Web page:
The ABC model of floral development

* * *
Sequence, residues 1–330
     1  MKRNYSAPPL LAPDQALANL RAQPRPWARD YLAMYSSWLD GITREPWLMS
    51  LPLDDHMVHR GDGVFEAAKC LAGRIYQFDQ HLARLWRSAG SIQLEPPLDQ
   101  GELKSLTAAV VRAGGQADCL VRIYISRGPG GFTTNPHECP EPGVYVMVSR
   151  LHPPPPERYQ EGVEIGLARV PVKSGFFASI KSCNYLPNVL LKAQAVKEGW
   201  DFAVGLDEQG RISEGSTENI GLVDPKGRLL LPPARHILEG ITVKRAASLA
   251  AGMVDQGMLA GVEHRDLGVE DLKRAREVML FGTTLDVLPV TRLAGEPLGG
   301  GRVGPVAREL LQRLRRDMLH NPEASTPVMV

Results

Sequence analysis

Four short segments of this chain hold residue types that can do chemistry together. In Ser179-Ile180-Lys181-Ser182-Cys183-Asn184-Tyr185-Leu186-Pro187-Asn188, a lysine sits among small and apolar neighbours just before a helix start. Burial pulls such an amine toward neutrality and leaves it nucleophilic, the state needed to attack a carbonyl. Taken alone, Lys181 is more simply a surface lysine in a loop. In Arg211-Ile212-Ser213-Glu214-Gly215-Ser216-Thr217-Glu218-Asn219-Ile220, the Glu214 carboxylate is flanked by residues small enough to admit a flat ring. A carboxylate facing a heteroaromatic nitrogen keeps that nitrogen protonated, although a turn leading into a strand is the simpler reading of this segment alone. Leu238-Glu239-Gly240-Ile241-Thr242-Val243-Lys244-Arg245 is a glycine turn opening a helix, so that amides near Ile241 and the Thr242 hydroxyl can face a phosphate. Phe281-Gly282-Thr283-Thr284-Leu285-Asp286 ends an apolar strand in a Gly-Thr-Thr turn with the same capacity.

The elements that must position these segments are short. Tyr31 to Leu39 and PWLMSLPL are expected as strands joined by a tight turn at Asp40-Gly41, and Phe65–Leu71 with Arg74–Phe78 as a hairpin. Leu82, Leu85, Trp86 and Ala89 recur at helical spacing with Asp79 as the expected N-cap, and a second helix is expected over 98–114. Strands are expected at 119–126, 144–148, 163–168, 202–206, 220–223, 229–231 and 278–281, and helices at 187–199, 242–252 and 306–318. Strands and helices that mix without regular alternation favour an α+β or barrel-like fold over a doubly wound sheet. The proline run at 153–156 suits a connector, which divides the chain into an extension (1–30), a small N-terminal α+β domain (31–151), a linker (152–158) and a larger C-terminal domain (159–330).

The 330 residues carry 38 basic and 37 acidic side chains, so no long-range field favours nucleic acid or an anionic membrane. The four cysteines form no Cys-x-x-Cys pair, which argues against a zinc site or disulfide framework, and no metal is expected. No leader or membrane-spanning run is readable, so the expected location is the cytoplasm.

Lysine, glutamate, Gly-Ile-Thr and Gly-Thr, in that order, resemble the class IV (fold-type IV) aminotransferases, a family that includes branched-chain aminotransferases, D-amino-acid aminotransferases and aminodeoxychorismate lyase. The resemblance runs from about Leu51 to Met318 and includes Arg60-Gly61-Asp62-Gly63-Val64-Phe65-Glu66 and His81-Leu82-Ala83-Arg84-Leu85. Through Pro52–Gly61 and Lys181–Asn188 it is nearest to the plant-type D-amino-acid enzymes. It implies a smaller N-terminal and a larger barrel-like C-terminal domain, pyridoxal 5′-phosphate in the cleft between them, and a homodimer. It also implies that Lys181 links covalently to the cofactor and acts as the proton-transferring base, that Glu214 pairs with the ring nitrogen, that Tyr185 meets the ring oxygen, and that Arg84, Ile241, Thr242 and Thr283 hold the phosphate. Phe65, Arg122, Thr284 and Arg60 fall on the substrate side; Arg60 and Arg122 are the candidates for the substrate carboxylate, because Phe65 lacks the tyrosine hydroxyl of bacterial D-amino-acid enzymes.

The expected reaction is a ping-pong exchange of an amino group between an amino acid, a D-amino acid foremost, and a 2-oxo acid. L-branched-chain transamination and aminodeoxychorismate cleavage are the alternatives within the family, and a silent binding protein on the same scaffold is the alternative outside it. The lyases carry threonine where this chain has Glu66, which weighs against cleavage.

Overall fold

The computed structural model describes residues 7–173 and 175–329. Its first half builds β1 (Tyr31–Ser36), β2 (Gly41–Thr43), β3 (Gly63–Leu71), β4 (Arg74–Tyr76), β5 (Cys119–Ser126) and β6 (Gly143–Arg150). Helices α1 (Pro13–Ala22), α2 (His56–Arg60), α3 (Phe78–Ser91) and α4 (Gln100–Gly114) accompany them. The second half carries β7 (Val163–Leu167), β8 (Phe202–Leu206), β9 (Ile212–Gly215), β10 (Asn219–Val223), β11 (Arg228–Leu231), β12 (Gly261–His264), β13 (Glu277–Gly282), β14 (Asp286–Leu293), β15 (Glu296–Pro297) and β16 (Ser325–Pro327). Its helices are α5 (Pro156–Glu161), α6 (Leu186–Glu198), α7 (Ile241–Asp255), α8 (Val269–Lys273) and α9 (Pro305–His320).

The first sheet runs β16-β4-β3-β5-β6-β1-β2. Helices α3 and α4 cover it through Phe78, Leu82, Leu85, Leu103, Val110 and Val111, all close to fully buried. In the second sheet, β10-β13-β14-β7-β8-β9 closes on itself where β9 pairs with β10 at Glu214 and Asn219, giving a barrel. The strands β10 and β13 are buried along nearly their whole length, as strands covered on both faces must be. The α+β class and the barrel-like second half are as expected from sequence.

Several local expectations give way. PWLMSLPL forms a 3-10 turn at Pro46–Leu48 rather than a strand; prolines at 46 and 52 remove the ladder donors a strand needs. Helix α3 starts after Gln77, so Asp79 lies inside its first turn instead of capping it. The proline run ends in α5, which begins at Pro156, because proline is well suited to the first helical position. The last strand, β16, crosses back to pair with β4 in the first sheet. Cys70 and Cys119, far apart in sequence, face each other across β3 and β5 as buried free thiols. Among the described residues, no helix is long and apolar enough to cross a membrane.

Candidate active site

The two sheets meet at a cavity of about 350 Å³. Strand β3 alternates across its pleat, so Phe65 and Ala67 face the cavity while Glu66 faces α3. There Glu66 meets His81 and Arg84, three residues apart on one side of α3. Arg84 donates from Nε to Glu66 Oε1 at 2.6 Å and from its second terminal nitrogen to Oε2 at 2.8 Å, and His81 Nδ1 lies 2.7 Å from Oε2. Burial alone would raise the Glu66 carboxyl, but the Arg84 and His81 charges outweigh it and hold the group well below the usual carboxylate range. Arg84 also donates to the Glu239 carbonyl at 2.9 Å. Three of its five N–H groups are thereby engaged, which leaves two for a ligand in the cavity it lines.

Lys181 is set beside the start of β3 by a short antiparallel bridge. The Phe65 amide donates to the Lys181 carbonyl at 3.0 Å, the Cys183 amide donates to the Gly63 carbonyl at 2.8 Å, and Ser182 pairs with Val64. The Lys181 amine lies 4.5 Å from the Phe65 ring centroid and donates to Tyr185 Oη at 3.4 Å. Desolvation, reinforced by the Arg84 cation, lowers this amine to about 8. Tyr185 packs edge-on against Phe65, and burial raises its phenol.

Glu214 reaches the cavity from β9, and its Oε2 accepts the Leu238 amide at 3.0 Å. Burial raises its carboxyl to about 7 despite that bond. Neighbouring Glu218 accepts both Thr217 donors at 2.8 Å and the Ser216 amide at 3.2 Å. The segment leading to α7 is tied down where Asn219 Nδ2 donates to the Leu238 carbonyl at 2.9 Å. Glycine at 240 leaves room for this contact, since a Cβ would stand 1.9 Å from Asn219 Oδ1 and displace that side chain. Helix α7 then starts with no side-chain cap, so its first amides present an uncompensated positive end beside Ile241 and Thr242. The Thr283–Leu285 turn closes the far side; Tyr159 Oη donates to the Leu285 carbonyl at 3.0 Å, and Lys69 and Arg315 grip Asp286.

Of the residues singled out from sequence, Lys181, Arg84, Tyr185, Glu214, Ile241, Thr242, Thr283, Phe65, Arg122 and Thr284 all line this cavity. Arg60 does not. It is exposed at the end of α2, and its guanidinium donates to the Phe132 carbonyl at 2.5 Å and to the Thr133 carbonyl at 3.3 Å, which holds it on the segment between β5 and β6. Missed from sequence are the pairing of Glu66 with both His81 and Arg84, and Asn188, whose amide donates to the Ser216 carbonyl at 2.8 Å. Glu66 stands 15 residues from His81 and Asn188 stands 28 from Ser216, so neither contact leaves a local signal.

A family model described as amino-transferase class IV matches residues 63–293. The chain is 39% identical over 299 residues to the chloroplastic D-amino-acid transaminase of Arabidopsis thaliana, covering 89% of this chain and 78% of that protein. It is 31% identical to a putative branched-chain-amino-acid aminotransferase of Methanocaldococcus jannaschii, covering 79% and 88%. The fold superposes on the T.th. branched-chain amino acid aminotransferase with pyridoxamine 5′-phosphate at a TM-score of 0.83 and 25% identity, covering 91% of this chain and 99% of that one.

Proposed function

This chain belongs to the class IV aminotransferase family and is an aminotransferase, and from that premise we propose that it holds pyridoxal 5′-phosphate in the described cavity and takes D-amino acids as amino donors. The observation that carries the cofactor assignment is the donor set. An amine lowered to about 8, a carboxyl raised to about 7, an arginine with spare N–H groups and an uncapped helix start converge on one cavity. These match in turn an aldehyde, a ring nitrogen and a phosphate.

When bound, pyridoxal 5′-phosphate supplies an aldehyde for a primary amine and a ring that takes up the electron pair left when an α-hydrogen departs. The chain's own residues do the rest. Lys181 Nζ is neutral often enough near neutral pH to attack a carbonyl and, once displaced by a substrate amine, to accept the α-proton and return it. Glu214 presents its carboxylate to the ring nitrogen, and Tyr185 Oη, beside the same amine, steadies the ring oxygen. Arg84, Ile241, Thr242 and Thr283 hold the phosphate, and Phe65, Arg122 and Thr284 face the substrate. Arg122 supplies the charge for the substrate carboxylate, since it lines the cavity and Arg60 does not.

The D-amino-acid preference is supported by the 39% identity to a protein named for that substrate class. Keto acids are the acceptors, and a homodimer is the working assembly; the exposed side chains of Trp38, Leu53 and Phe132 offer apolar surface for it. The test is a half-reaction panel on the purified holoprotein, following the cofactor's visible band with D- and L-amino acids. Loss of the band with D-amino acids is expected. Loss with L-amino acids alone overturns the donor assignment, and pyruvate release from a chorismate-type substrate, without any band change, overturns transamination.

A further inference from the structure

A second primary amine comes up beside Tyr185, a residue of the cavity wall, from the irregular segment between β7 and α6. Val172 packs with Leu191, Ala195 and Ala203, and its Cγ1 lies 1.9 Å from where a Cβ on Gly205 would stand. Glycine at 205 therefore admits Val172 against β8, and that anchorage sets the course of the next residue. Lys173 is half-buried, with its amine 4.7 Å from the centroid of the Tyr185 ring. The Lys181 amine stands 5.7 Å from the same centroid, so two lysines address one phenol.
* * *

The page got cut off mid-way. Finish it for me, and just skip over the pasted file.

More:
Flowers are organized into concentric whorls of sepals, petals, stamens and carpels, with each of these floral organ types having a unique role in reproduction (Figure 1). Sepals enclose and protect the flower bud, while petals can be large and showy so as to attract pollinators (or people!). Stamens produce pollen grains that contain male gametes, while the carpels contain the ovules that when fertilized will produce the seeds. While the size, shape, number and elaboration of each of these organ types can be quite different, the same general organization of four floral organ types arranged in concentric whorls exists across all flowering plant (angiosperm) species. As I shall explain in this Primer, the ‘ABC model' is a simple and satisfying explanation for how this conserved floral architecture is genetically specified.
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